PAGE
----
Literally Anybody Else: Who Should Have Responded to the State of the Union

After President Donald Trump’s first State of the Union address, Congressman Joseph P. Kennedy III gave the rebuttal speech. The third-term Congressman comes from one of America’s foremost political dynasties, The New York Times reported. His grandfather was Robert F. Kennedy and his great-uncles were President John F. Kennedy and Senator Edward M. Kennedy. Despite the uplifting quality of his speech, in the era of the #MeToo movement and racially motivated unrest, Democrats could have chosen a more apt candidate to speak for them. Spoiler alert: You will either love or hate the last one.

1. ‘Anti-Jeff Sessions,’ Kamala Harris

kamala harris with a microphone
The freshman senator has been called a female Barack Obama. | David McNew/Getty Images

Freshman Senator Harris, the daughter of Indian and Jamaican immigrants, seems poised to run for president in 2020. Since joining the Senate, Harris has become known as the “anti-Jeff Sessions.” She routinely speaks out against Trump’s immigration policies, and maintains that undocumented immigrants are not criminals. As an influential African American woman, Harris would have provided excellent contrast to the white men onstage during the State of the Union.

Next: This other potential 2020 hopeful would also have provided an excellent contrast.

2. Actual diversity advocate Corey Booker

Booker (D-NJ) speaks during a press conference with Dreamers who will be attending President Trump's first State of the Union Address on January 30, 2018 in Washington, DC. Democratic leaders from both Houses of Congress welcomed the largest group of Dreamers to attend a State of the Union Address.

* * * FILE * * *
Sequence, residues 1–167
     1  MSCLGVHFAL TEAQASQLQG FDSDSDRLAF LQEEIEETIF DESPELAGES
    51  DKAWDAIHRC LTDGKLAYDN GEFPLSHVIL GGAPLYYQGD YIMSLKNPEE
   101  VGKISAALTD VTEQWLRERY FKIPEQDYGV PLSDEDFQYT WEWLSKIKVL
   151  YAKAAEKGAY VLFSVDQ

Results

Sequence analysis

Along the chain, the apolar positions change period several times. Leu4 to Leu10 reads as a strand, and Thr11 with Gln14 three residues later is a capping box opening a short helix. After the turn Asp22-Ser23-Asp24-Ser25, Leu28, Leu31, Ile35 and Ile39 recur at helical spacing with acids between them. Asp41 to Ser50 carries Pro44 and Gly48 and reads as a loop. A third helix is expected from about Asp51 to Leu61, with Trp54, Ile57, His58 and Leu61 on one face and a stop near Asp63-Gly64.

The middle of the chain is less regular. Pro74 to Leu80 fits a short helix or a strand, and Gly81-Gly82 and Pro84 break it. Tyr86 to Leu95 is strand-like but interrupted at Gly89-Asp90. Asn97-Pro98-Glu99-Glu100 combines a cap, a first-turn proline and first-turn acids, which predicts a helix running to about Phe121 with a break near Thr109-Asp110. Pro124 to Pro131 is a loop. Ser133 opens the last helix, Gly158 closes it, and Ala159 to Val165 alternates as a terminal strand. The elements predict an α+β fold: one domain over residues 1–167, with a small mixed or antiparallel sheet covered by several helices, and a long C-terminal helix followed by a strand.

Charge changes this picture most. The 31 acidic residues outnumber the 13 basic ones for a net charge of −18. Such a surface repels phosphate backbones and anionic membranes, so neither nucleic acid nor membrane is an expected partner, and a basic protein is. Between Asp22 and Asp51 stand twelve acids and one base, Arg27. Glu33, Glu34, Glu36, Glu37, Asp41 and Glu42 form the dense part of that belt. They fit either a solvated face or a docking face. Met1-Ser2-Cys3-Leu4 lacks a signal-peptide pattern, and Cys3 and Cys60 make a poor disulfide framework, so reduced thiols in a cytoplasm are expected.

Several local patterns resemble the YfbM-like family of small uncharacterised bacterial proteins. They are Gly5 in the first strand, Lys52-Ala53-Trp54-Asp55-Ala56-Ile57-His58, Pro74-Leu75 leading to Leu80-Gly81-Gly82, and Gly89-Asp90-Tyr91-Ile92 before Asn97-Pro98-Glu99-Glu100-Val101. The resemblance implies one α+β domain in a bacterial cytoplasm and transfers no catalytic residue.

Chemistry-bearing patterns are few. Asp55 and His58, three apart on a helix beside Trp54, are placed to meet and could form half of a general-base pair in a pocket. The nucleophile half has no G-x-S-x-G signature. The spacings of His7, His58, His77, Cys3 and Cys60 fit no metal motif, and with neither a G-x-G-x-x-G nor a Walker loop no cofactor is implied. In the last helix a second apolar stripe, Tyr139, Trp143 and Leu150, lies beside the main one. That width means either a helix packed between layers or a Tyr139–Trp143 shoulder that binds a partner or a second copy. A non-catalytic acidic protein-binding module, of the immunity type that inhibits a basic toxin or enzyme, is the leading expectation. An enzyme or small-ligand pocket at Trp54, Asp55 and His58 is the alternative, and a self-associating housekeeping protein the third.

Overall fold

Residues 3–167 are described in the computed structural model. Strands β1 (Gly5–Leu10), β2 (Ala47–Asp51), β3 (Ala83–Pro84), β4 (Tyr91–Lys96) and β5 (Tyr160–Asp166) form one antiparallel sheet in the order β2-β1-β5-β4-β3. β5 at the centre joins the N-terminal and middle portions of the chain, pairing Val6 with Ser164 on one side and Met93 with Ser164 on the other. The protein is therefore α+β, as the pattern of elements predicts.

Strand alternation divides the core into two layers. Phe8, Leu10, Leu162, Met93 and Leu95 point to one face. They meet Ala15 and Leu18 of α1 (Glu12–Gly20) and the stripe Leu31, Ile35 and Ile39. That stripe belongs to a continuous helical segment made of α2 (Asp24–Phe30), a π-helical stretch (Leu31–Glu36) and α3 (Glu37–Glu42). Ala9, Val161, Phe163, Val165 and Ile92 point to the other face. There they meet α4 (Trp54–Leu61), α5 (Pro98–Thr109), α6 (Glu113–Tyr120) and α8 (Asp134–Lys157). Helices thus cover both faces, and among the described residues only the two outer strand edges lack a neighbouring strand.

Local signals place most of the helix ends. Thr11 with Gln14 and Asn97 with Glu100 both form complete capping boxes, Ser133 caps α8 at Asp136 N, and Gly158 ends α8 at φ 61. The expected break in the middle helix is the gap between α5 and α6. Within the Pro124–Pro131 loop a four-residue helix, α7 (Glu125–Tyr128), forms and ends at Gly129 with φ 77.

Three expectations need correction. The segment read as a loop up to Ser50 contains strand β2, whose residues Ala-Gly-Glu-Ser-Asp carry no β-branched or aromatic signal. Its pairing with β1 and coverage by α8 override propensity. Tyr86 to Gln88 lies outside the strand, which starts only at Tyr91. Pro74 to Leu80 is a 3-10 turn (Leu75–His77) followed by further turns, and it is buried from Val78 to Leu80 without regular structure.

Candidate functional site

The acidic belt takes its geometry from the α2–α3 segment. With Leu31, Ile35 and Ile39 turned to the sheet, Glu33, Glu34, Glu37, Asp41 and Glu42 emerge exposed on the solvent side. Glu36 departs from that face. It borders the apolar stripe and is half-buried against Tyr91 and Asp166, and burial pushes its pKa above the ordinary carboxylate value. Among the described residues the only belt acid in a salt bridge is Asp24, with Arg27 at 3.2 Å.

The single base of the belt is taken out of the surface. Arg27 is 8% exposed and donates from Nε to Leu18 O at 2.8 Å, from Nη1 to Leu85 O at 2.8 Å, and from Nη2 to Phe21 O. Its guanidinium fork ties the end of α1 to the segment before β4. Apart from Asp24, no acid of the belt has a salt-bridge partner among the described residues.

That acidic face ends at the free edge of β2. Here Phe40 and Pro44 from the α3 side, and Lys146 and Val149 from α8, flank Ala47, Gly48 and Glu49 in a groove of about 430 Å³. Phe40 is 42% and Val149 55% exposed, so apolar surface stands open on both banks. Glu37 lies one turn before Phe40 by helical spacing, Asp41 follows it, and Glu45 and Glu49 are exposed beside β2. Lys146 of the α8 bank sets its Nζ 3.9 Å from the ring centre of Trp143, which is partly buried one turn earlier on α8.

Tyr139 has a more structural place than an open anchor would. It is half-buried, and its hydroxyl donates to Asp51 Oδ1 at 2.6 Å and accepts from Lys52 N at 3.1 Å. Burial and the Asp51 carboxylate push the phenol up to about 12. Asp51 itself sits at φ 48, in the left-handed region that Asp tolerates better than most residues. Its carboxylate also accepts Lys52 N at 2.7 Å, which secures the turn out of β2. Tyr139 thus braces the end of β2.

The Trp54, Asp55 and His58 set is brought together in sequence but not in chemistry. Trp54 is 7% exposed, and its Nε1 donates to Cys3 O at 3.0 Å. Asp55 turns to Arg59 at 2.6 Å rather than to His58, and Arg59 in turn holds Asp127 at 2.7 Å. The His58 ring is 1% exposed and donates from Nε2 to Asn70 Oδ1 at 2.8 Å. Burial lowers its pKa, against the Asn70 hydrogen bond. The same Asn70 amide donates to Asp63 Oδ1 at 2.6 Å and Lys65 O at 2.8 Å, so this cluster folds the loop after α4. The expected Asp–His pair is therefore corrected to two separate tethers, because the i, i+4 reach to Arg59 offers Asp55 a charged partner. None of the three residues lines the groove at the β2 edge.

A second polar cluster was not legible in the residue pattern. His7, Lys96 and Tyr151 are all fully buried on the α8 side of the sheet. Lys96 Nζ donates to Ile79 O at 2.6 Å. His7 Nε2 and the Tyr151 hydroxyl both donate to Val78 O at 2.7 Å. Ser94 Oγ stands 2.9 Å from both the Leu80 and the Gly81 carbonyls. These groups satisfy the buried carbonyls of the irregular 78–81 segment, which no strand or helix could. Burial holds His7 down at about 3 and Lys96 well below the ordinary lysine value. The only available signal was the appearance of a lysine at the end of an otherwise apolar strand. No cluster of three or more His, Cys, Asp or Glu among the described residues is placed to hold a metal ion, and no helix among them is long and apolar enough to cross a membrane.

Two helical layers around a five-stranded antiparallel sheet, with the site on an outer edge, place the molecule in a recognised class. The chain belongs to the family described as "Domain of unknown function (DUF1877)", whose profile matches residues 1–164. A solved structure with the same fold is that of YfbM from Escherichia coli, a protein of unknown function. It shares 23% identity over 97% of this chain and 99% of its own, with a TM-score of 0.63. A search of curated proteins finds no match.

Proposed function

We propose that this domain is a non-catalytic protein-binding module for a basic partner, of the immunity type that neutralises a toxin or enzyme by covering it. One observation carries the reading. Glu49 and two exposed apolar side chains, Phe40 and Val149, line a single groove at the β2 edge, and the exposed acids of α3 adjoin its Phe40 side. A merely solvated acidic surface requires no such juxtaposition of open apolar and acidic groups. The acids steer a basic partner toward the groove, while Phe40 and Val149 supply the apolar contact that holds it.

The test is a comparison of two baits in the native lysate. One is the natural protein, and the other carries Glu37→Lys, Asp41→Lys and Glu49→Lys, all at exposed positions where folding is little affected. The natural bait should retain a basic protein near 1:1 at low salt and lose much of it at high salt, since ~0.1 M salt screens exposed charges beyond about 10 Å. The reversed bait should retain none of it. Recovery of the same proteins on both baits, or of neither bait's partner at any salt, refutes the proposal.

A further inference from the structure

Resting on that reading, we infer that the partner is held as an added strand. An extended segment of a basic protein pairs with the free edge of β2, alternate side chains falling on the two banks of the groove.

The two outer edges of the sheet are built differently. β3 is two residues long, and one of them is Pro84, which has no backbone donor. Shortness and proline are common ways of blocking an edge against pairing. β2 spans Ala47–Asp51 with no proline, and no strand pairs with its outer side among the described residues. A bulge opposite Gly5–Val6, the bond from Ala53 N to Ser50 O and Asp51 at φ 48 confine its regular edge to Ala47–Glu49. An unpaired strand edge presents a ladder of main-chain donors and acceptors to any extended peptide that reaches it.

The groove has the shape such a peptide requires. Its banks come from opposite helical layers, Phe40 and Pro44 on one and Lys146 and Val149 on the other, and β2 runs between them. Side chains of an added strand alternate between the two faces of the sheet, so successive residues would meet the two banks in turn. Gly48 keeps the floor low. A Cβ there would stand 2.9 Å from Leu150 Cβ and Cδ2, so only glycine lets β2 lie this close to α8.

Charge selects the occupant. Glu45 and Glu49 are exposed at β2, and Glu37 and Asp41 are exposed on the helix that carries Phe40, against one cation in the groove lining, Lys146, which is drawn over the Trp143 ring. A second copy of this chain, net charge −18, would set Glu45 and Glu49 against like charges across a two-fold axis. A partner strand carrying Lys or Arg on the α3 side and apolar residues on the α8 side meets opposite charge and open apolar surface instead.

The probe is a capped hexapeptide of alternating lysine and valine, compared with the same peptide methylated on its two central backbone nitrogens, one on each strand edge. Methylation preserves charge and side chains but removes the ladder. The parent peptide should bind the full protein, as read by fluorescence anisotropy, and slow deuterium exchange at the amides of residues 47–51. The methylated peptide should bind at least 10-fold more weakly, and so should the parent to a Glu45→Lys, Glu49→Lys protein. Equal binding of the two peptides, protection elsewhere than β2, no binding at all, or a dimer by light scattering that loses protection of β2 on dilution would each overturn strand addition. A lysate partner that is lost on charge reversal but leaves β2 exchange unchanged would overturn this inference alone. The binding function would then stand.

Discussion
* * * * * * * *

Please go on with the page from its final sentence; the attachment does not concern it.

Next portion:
Booker would have provided context for the State of the Union. | Pete Marovich/Getty Images

Senator Booker had choice words for Trump’s use of patriotism in the SOTU, according to The Hill. “Here’s a guy that used patriotism — whenever somebody pulls out patriotism, uses it in a way to condemn people for their patriotic acts, how they choose to show their patriotism, this is a divisive way to go about it,” he said. “There are so many examples of this that were just painful and not a unifying call.”

Booker has called for unity before. At the 2016 Democratic Convention, he spoke on its importance. “It is not you or me [or] one American against another American [but] you and I together, interdependent, interconnected with one single interwoven destiny,” he said. “We don’t always have to agree, but we must empower each other [and] find the common ground. We must build bridges across our differences to pursue the common good.”

Next: This representative went to bat with Trump before, and won followers for it.

3. Feminist icon Maxine Waters

Maxine Waters speaking at a press conference
Waters has butted heads with President Trump on multiple occasions. | Chip Somodevilla/Getty Images

California Democratic Congresswoman Waters did rebut Trump’s speech on BET’s “Angela Rye’s State of the Union.” Waters ― or “Auntie Maxine” ― went viral on the heels of denouncing Trump and his policies. Huffington Post reports the ranking Democrat on the House Financial Services Committee grilled Treasury Secretary Steve Mnuchin about an unanswered letter during a July hearing. She repeatedly interrupted him to “reclaim [her] time.” That has since become a rallying cry for feminists. Similarly, her speech would have roused Democrats, had it aired on network TV.

Next: This human rights activist could have provided much-needed context.

4. Human rights activist Ajamu Baraka

ajamu baraka at a jill stein event